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The iAtlantic Diverse Knowledge Systems Working Group was set up as a focal point for iAtlantic to further promote the use of knowledge in the project from diverse sources beyond the classic scientific community e.g. industry, NGO, citizen science and indigenous populations and local communities. This adds value to cross-validate data, fill gaps and enhance the dialogue with wider stakeholders within, and beyond the lifetime of the project.
Throughout history, and across cultures, humans have made empirical observations to understand, interpret and predict their surrounding environment (Iaccarino, 2003). In addition, in recent history, human activities in and around the sea have expanded and diversified into a thriving blue economy, which depends on timely ocean observations for operations at sea, and also opens new opportunities for data collection beyond the sustained ocean observation programmes conducted by the public sector for marine research and legislative monitoring. These diverse knowledge systems (DKS) can provide valuable insights and understanding that are not captured by more classical approaches to environmental data collection. Indeed, as the Intergovernmental Science-Policy Platform on Biodiversity and Ecosystem Services (IPBES) recognises, DKS can enrich our understanding of a selected problem or issue of concern.
In iAtlantic, we consider DKS to include a wide spectrum of sectors and communities, including practitioners in ocean industries (e.g., tourism, governmental, industry and civil society) that collect, record or share knowledge in different ways. Where possible, we also include relevant local communities, indigenous peoples and local (traditional) knowledge. Ultimately, the incorporation of DKS data and information into the iAtlantic project, together with existing and new data collected by the scientific community, will enrich the available information (e.g., spatial and temporal resolution and parameters) and will complement our scientific data with a wider spectrum of information (e.g. narratives). This may allow iAtlantic to expand the information, and provide an opportunity for cross-validation, that will together increase our ability to assess the health of deep and open-ocean Atlantic ecosystems. It will also reinforce and strengthen the co-design approach to sustainable ecosystem management by engaging a wider diversity of stakeholders from the onset of the project in terms of supplying data and information.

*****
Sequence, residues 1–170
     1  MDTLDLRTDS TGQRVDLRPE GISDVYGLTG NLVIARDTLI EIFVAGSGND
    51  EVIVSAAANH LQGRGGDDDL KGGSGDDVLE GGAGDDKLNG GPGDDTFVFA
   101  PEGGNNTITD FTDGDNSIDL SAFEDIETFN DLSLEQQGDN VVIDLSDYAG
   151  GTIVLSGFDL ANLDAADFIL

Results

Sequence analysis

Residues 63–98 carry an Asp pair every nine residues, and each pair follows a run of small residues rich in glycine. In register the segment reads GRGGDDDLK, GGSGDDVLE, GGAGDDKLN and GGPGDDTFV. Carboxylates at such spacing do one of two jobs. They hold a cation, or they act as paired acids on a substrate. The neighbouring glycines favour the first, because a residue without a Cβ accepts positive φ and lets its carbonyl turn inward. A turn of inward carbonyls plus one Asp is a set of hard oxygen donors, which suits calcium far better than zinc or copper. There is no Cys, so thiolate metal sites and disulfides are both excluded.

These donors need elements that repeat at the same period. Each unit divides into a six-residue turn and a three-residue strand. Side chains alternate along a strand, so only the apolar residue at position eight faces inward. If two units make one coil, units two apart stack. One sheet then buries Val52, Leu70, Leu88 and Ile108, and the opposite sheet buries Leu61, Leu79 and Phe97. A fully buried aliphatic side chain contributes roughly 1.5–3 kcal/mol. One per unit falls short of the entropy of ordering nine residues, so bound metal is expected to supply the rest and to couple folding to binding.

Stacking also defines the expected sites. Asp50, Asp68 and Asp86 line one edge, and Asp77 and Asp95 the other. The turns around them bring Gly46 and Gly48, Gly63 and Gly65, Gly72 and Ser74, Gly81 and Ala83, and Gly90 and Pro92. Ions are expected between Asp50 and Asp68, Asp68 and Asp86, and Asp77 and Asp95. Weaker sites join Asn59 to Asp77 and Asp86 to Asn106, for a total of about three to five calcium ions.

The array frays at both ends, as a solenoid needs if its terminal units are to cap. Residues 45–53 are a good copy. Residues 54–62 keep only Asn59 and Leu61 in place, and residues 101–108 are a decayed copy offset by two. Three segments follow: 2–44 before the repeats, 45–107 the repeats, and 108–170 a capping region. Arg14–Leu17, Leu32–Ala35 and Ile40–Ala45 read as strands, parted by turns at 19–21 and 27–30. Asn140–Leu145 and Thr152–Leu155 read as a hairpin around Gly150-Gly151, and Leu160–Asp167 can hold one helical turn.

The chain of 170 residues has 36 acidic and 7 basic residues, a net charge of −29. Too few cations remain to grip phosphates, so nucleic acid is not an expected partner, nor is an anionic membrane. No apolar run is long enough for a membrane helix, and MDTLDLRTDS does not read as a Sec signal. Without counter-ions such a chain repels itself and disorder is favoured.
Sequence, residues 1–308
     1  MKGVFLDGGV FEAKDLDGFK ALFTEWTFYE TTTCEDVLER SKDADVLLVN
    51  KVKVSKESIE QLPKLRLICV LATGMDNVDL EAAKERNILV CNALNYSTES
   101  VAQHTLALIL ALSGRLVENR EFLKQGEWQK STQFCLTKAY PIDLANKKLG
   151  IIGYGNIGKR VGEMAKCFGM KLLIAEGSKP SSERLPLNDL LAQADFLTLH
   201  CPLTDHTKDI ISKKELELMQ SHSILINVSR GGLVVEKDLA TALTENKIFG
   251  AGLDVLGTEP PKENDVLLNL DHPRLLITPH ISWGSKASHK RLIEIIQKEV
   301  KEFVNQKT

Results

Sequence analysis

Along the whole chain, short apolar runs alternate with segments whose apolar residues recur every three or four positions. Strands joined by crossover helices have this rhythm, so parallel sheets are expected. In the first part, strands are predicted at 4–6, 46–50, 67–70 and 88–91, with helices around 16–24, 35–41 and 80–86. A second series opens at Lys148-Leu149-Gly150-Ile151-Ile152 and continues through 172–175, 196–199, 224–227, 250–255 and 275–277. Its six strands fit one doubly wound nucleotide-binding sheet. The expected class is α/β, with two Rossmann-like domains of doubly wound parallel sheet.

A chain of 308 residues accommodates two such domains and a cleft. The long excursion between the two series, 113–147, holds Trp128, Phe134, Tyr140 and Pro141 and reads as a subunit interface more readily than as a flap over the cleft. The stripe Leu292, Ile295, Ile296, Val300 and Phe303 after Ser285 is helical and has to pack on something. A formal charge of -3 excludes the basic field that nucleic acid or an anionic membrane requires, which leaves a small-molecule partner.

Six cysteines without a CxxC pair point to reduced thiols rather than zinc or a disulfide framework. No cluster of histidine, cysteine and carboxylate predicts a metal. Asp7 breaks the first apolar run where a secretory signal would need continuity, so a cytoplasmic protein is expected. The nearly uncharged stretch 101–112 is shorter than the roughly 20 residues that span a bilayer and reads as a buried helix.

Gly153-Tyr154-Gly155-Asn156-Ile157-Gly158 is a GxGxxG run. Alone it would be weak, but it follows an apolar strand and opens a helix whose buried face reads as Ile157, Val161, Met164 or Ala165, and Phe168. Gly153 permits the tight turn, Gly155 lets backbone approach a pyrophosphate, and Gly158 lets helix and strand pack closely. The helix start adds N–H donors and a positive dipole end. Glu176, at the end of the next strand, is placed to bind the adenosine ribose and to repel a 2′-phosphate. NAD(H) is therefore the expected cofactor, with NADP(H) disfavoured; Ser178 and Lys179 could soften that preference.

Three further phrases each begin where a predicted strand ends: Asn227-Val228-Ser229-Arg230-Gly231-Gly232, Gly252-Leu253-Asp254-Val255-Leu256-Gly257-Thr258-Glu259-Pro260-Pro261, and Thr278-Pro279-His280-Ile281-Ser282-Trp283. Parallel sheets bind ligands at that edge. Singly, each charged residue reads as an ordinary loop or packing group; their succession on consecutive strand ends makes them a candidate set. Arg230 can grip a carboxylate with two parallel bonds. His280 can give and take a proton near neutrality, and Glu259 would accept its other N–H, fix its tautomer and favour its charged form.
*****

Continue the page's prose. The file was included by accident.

Bridging diverse knowledge systems with more classic scientific knowledge systems is vital to achieve the objectives of the UN Decade of Ocean Science for Sustainable Development (2021-2030). The UN Ocean Decade embraces a participative and transformative process that relies on scientists, policymakers, managers, and users alike, to work together to ensure that ocean science delivers greater benefits both for marine ecosystems and for society. The Ocean Decade has four Scientific Objectives that interlink, and the iAtlantic DKS working group (WG) has particular synergies with Objective 2 – Expand, innovate, and integrate ocean knowledge systems globally. Similarly, the Global Earth Observation System of Systems (GEOSS) calls on the ocean observing community to recognise diverse forms of knowledge and to establish meaningful partnerships with communities, organisations and states.
Beyond contributing to the Ocean Decade and wider policy objectives, there is significant scientific merit in diversifying our knowledge base in iAtlantic. The knowledge and practices of local communities, for example, can provide valuable insights into conservation and sustainable use best practice (Vierros et al. 2020). Moreover, tapping into lived-experience observational knowledge from people who spend much of their lives in or near the ocean can prove a cost-efficient and effective method for obtaining distribution, abundance and population trend data (Pilcher et al. 2017). Thus, while the motivation of iAtlantic is to rigorously assess the health of deep and open ocean Atlantic ecosystems in time and space, the motivation of our DKS working group is to ensure that iAtlantic positively contributes to the Ocean Decade and other global policy objectives, by ensuring that the project is a participative effort across many domains of society.